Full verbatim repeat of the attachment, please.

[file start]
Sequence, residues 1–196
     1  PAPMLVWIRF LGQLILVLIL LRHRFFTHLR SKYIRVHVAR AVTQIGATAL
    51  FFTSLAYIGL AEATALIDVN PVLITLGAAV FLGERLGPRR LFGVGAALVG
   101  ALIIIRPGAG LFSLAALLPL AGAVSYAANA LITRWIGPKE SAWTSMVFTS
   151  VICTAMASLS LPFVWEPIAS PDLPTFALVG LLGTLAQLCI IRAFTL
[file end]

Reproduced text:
Sequence, residues 1–196
     1  PAPMLVWIRF LGQLILVLIL LRHRFFTHLR SKYIRVHVAR AVTQIGATAL
    51  FFTSLAYIGL AEATALIDVN PVLITLGAAV FLGERLGPRR LFGVGAALVG
   101  ALIIIRPGAG LFSLAALLPL AGAVSYAANA LITRWIGPKE SAWTSMVFTS
   151  VICTAMASLS LPFVWEPIAS PDLPTFALVG LLGTLAQLCI IRAFTL